They picked up this late 18th-century vinaigrette for ?40.
And finally, this silver and amethyst brooch caught Julie's eye,
Julie, Graham, did you have a nice time today?
Wonderful. It was amazing.
Yeah. Julie, what was your favourite item?
Definitely the hay fork.
I love it. Graham, what was your favourite item?
Well, I have to say, it's got to be the hay fork.
Oh, so you're both in agreement? We're both in agreement on that.
It's in one piece, that's what's amazing,
and where the forks are out, it's just amazing.
But profit wise, I think, really, the vinaigrette may do it.
You spent ?80, could you give me 220, please?
There we go, madam. ?220 is an enormous amount of money, David.
I've never seen that amount in my life.
Are you going to blow the lot?
Well, I'm going to stick to the trying to make a profit,
so I'm going to be very cautious.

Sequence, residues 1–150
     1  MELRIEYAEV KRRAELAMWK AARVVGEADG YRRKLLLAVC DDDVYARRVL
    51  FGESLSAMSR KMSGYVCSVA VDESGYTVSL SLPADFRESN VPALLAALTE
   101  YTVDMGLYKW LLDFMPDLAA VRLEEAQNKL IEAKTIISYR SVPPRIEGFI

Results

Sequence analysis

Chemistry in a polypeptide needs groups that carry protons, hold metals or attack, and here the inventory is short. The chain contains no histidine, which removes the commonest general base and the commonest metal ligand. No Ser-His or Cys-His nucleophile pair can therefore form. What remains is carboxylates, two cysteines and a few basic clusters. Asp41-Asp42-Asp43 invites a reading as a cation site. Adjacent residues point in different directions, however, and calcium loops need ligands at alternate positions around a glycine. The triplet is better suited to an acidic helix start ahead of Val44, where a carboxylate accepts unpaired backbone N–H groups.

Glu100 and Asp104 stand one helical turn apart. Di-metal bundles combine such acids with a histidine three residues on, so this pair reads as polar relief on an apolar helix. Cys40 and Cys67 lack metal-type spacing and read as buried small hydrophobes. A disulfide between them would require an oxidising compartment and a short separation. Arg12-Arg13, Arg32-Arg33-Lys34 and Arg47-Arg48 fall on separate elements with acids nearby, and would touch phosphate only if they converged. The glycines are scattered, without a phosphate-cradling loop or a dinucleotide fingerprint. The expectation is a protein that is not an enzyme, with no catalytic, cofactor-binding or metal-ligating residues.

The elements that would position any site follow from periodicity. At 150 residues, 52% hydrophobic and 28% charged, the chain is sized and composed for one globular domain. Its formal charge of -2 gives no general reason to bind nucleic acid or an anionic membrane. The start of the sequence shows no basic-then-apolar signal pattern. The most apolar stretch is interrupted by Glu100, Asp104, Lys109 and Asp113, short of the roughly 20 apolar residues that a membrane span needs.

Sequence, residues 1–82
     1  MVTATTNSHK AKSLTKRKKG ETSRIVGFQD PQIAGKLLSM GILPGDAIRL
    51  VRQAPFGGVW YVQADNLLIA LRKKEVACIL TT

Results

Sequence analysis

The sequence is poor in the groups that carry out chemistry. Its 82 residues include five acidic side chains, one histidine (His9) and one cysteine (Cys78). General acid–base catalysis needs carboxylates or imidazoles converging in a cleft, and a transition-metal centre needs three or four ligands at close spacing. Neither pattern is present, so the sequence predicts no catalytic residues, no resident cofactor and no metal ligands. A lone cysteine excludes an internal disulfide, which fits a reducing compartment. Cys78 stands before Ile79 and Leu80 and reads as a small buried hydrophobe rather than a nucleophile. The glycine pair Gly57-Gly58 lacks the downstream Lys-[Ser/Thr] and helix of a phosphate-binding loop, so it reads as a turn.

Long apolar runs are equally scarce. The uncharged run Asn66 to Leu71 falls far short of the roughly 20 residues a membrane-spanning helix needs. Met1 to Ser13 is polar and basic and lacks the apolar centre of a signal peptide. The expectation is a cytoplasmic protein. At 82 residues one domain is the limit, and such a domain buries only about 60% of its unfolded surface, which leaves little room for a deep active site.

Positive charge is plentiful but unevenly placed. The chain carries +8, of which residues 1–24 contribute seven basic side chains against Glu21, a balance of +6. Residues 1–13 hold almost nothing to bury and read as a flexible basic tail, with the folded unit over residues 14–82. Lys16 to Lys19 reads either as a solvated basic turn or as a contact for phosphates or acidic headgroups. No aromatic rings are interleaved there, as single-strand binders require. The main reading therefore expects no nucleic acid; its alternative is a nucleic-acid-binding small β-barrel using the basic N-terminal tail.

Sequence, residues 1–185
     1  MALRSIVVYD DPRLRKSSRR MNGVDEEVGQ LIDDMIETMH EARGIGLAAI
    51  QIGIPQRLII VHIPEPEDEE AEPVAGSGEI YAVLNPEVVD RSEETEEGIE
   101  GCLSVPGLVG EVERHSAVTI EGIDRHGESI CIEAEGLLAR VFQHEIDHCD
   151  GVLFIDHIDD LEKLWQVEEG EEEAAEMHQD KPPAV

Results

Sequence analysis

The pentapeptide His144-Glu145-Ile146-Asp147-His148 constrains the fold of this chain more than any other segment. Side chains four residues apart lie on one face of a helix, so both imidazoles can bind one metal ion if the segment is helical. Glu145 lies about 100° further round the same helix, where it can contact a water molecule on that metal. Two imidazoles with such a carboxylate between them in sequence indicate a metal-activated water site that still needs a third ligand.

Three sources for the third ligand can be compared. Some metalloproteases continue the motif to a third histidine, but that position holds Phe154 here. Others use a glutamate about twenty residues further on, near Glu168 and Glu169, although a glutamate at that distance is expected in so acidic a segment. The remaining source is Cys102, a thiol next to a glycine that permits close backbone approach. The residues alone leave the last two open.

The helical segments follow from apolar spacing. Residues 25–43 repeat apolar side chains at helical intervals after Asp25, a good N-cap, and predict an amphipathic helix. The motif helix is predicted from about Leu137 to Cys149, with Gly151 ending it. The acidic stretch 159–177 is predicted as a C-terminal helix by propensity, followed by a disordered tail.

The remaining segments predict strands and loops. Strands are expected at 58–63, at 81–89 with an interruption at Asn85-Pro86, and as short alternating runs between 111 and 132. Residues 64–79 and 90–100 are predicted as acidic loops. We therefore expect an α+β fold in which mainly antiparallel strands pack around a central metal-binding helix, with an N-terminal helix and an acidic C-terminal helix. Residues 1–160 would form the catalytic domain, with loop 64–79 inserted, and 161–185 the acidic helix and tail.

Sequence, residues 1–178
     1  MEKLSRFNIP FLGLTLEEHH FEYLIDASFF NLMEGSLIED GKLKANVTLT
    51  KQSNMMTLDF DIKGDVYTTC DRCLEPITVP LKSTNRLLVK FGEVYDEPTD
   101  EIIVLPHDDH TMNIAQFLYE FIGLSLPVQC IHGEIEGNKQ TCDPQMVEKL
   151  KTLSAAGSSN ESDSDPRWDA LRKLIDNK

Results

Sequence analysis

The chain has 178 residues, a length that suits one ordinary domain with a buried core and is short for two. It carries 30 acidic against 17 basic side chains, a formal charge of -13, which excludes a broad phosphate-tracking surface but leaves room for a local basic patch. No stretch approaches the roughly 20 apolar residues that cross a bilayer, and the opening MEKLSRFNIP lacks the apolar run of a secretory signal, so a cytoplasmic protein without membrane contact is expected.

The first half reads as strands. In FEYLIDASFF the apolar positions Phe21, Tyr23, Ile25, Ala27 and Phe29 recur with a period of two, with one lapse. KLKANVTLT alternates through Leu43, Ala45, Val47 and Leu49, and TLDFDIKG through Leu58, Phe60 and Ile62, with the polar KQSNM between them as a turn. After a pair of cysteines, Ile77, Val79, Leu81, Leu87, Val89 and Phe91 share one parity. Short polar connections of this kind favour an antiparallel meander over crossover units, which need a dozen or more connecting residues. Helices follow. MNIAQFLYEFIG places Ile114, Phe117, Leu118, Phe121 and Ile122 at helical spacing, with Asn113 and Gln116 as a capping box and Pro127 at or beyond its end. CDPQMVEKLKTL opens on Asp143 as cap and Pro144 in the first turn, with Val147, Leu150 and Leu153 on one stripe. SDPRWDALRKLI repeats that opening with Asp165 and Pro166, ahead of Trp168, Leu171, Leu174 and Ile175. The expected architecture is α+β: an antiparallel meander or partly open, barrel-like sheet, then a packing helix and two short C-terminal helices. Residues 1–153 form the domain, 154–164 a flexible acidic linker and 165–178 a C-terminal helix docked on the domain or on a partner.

Profit, profit, profit.
While David goes off to buy something with a definite profit,
we're off to the auction.
I've travelled to Bellmans auctioneers in West Sussex
to meet auctioneer Jonathan Pratt.
Hello, Jonathan. Hi, there.
Now, Reds first of all.
Andrew and Stephanie.
Their first item, this Philips terrestrial globe, what do you think of it?
I like it a lot because, obviously, it's an educational tool.
They have a sculptural quality.
It's kind of retro as well.
So in that respect, you can see someone having it in a study,
you can see them having it in a kid's bedroom as an ornament or as
a useful tool as well. So I think it's got quite a lot going for it
and it is a big one, it's the size of a beach ball.
What's your estimate on that? I've estimated at ?50 to ?70.
50 to 70?
They paid ?110 for it. There we go, yes.
OK, their second item, it's the Victorian jewellery box.